Vegetation changes and treeline dynamics in northern Siberia since the last interglacial revealed by sedimentary ancient DNA metabarcoding and organelle genome assembly of modern larches

heike.zimmermann [ at ]


The arctic-boreal treeline describes the transition zone from taiga to tundra and is a sensitive, climatically driven ecosystem boundary. In Siberia it is formed by deciduous larches as the only representatives of the tree growth form. The recurrent cycles of interglacial and glacial periods throughout the Quaternary resulted in the systematic relocation of the treeline. Awareness of the complex climate-feedback mechanisms of larch forests and their importance for the global carbon cycle is rising. Still, our understanding of genetic variation within and among treeline populations of larches is very limited, as these populations have so far not been focused upon. Patterns of genetic variation in modern populations represent only a snapshot in time, and past climatic changes might have led to a reorganisation of such patterns. Hence, tracing the dynamics of genetic variation in response to climatic changes from the past to the present will improve our perspective on the processes involved in treeline advances and retreats. However, paleobotanic reconstructions rarely date back to the last interglacial (~130-110 kyr BP), as not many locations are known to have preserved suitable deposits. Therefore, our knowledge about the past vegetation and treeline dynamics in northern Siberia predating the Last Glacial Maximum (LGM, ~21-18 kyr BP) is limited. The overall goal of this thesis is to improve our understanding of climatically driven vegetation changes and treeline dynamics since the last interglacial, as well as to provide a baseline for exploring genetic variation in modern and past larch populations from environmental samples. In the scope of this thesis I used sedimentary ancient DNA (sedaDNA) from permafrost sediment cores from the Buor Khaya Peninsula and Bol’shoy Lyakhovsky Island to analyse floristic diversity and composition changes since the last interglacial. In one core, sedaDNA was additionally compared with the pollen record to assess how well sedaDNA reflects past plant community changes. I applied the universal chloroplast trnL-UAA P6-loop marker in a DNA metabarcoding approach, coupled with parallel high-throughput sequencing. Thereafter, I sequenced and assembled 19 paternally inherited chloroplast and maternally inherited mitochondrial genomic references of Larix gmelinii (Rupr.) Rupr. and Larix cajanderi Mayr, which are the two dominant larch species in northern Siberia. The individuals were sampled along the treeline (longitudinal transect) as well as along the ecological gradient, from the single-tree tundra in the north to closed forests in the south (latitudinal transect). This allowed me to identify genetic variation in the form of single nucleotide polymorphisms (SNPs). These SNPs were subsequently used to analyse their modern geographic distribution patterns and to design two chloroplast SNP markers for the analysis of their distribution patterns in prehistoric larch populations from environmental samples. The markers were applied to validate the presence of larch DNA in the ancient permafrost sediment samples. The sedaDNA approach revealed the local floral diversity in high detail, with most taxa resolved to species or genus level. Differences in floral diversity reflected climatically driven environmental changes, generally with the highest level of diversity in warmer, and lower levels in cooler phases. In comparison, the pollen analysis represented the floristic diversity on a regional scale. After the LGM, continuously lower proportions of larch pollen indicate less favourable conditions at the Buor Khaya Peninsula than before the LGM, with regional environmental conditions showing an increase in humidity after the LGM. These observations support the hypothesis that treeline responses to climate warming are geographically heterogeneous and do not necessarily lead to a continuous treeline advance. Treeline transitions were more pronounced at the high arctic, today treeless island Bol’shoy Lyakhovsky than at the Buor Khaya Peninsula. Paleobotanic reconstructions based on sedaDNA revealed a diversity of trees and shrubs during the last interglacial, pointing towards an open, mixed broadleaved, deciduous and evergreen coniferous forest, probably in a spatial mosaic with tundra-steppe. In comparison, the following warm interstadials rather indicate an open, deciduous coniferous forest, probably interspersed by areas of tundra-steppe. A notable observation was the presence of Larix directly after the LGM in the Bølling-Allerød interstadial complex. This supports the hypothesis that larch populations persisted at high latitudes during the LGM, which would have allowed a quick re-colonization of Bol’shoy Lyakhovsky Island. The disappearance of trees and nearly all shrubs from the island took place in the Holocene and was most likely associated with increasingly humid conditions due to the sea level rise and the disconnection of the island from the mainland. A genome-wide comparison of the 19 complete chloroplast genomes resulted in a set of 84 paternally inherited chloroplast SNPs (pollen-transmitted). The generated haplotype network revealed a putative population expansion event at the Southern Taymyr Peninsula. Furthermore, several chloroplast SNP variants were shared across the northern ranges of Larix gmelinii and Larix cajanderi. The resulting pattern suggests incomplete lineage sorting, without any effect of latitude or longitude. Presumably, owing to the partial assembly of the mitochondrial genome combined with the highly efficient repair mechanisms of mitochondrial genomes, only a small number of five maternally inherited mitochondrial SNPs (seed-transmitted) were identified. Out of seven haplotypes, six were retrieved from the Southern Taymyr Peninsula, whereas only two were retrieved from the northern range of Larix cajanderi. The spatially structured pattern points towards a founder effect in the northern range of Larix cajanderi. The newly designed chloroplast SNP markers were successfully applied to the sedaDNA samples. The presence of larch DNA was confirmed in nearly all samples that contained Larix-sequences in the sedaDNA metabarcoding approach. At Bol’shoy Lyakhovsky Island, both SNP variants of each of the applied chloroplast markers were detected in a sample dating to the last interglacial. Furthermore, the spatio-temporal distribution of one SNP variant suggests its dominance in the northern range of Larix cajanderi, at least since the last interglacial. With this thesis, I provided the tools to analyse range-wide genetic variation in modern larch populations. It has also been shown that it is feasible to trace prehistoric genetic variation and its putative reorganisation by using (sedimentary) ancient DNA from a variety of ancient material. Moreover, the new paleobotanic records in north-eastern Siberia improve our understanding of vegetation changes since the last interglacial. This provides an excellent framework for applying, for example, a hybridization capture approach, which allows for the targeted enrichment of complete chloroplast genomes from environmental samples.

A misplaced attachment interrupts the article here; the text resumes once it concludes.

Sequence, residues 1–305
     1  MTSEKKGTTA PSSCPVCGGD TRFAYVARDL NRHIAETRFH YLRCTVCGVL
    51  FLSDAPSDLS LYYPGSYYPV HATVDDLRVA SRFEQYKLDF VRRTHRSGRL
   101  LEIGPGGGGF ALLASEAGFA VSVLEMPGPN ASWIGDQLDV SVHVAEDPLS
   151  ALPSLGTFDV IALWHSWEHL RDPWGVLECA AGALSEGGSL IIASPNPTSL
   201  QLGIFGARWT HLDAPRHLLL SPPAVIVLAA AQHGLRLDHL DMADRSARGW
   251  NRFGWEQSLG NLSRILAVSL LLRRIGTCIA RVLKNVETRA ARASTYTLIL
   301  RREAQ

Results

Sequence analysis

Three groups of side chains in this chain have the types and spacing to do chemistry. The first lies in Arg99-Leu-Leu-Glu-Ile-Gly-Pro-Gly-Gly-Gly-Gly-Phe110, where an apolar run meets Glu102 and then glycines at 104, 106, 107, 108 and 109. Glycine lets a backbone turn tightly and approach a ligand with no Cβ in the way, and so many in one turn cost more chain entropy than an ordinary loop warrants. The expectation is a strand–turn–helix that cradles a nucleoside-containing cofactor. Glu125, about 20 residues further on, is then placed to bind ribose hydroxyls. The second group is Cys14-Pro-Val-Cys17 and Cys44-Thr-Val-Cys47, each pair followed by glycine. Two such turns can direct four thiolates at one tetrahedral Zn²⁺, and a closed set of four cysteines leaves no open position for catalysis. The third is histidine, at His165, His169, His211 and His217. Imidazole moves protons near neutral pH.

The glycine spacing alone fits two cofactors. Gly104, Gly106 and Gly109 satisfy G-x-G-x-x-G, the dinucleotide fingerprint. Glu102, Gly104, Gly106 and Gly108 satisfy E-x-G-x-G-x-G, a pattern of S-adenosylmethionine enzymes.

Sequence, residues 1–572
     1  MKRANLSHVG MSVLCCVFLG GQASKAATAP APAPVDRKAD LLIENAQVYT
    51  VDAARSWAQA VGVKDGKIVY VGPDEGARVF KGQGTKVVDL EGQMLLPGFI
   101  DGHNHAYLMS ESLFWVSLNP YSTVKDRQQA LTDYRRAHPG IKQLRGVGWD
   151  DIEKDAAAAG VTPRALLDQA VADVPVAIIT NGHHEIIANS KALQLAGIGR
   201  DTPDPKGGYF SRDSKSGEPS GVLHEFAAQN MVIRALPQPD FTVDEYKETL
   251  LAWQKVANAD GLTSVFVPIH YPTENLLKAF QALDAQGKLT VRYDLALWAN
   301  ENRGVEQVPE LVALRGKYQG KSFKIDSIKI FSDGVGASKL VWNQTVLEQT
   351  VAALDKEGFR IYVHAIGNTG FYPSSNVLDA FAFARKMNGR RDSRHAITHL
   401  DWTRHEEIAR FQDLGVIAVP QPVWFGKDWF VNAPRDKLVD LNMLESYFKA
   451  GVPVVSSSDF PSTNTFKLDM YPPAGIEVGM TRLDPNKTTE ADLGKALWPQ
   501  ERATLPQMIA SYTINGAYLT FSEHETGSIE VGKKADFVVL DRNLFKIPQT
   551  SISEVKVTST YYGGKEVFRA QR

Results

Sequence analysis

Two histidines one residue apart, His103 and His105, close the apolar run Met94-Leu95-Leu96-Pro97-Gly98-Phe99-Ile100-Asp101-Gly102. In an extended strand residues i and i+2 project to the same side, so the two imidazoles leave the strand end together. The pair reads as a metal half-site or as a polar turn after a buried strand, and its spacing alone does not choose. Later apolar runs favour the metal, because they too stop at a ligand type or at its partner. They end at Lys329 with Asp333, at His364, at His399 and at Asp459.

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Zimmermann, H. H. (2017): Vegetation changes and treeline dynamics in northern Siberia since the last interglacial revealed by sedimentary ancient DNA metabarcoding and organelle genome assembly of modern larches , PhD thesis, University of Potsdam.